Ribbon of Hope grant supports CTD rural expansion

At Code the Dream, we're always interested to find ways to expand opportunity to those who may have less access. So we were excited to learn recently that we received a Ribbon of Hope grant from the NC GlaxoSmithKline Foundation to do just that -- specifically supporting expanded access to Code the Dream to young people in rural Johnston and Sampson counties. We are very grateful to the NC GlaxoSmithKline Foundation for their support, and look forward to developing talent in an area where many fail to look. We hope to soon be able to replicate this model more broadly and continue moving towards more equitable access to opportunity for all.

Posted on May 7, 2018 .

Welcome Cruz

Cruz Nuñez is now officially our second Code the Dream alumni to come back as program staff. Cruz is an incredibly talented software developer and will take the lead on some of Code the Dream's app development projects for nonprofits and small businesses. Cruz is also a gifted and patient mentor, and we're very glad to have him helping newer Code the Dreamers get their start.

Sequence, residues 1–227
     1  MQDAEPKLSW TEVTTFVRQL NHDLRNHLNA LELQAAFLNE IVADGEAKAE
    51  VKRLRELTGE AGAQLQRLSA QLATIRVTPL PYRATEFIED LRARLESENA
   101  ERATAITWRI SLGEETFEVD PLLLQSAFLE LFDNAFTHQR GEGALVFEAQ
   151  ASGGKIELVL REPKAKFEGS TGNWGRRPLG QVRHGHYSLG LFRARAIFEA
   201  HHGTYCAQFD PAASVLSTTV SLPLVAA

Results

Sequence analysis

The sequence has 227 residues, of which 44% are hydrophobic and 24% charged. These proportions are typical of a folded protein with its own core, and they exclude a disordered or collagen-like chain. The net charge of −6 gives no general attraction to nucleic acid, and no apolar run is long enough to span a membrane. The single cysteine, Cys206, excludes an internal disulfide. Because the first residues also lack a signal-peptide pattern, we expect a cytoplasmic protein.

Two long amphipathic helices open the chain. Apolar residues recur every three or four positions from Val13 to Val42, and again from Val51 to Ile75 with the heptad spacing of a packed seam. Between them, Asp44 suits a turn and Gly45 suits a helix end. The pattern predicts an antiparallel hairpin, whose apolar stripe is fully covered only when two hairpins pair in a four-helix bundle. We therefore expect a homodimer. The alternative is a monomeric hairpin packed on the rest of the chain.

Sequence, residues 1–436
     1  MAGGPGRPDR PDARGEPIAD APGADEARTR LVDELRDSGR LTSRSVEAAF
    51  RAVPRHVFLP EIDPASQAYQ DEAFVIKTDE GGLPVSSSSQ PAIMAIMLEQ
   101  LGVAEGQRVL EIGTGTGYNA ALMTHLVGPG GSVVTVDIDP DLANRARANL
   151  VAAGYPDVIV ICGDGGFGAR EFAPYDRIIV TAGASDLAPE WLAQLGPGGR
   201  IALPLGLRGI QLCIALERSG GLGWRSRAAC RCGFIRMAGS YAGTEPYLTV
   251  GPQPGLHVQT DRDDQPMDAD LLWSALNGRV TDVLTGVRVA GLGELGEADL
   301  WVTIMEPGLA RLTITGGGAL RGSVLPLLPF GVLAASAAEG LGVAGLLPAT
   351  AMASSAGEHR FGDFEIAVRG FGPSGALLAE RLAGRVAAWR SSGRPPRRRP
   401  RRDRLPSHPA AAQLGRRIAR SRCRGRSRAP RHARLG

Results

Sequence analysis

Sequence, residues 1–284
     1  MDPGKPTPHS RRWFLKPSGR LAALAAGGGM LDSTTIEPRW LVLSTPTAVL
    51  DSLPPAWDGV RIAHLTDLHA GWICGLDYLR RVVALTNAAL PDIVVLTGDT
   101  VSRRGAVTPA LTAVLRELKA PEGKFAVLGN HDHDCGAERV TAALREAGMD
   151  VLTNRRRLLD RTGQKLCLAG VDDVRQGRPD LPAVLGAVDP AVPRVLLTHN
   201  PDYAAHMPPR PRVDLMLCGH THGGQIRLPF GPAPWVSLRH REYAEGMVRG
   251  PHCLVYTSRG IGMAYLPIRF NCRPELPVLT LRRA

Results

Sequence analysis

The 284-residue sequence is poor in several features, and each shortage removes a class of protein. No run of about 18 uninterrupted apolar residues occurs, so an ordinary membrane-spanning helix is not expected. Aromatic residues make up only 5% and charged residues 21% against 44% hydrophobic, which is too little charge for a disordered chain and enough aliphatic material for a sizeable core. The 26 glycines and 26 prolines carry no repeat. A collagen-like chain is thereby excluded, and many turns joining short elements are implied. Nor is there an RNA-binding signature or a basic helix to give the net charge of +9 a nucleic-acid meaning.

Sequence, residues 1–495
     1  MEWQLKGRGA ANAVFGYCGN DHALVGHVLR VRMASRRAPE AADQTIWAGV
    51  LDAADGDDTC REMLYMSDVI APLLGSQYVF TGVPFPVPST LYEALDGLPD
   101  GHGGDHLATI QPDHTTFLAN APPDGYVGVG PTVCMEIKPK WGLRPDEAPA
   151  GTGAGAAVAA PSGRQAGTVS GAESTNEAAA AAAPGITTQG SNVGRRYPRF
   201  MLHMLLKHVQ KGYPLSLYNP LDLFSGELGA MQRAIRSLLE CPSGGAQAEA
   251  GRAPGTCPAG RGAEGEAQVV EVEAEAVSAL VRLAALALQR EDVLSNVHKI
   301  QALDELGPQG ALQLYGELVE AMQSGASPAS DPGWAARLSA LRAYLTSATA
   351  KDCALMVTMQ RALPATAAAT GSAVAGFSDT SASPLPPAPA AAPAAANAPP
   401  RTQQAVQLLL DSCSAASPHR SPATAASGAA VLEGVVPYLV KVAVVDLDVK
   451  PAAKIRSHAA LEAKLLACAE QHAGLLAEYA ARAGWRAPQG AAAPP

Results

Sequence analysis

Posted on May 2, 2018 .

Congrats Jafet, and thank you!

We recently got a nice, unexpected email from one of our recent Code the Dream grads, Jafet, who last year earned a full scholarship to college:

"Code the Dream provided me with the foundation that is helping me shape my future. The skills I learned through the classes and the multiple phases of the program have allowed me to be very successful in my college career so far. I was the only student in my scholarship cohort of 106 students to obtain a perfect 4.0 GPA for the first semester and I am on track to keep it for my second semester... It's an awesome program and I loved every second of it."

Thank you Jafet! It's wonderful to see all your hard work paying off.

Posted on April 16, 2018 .

Ruben Goes to Silicon Valley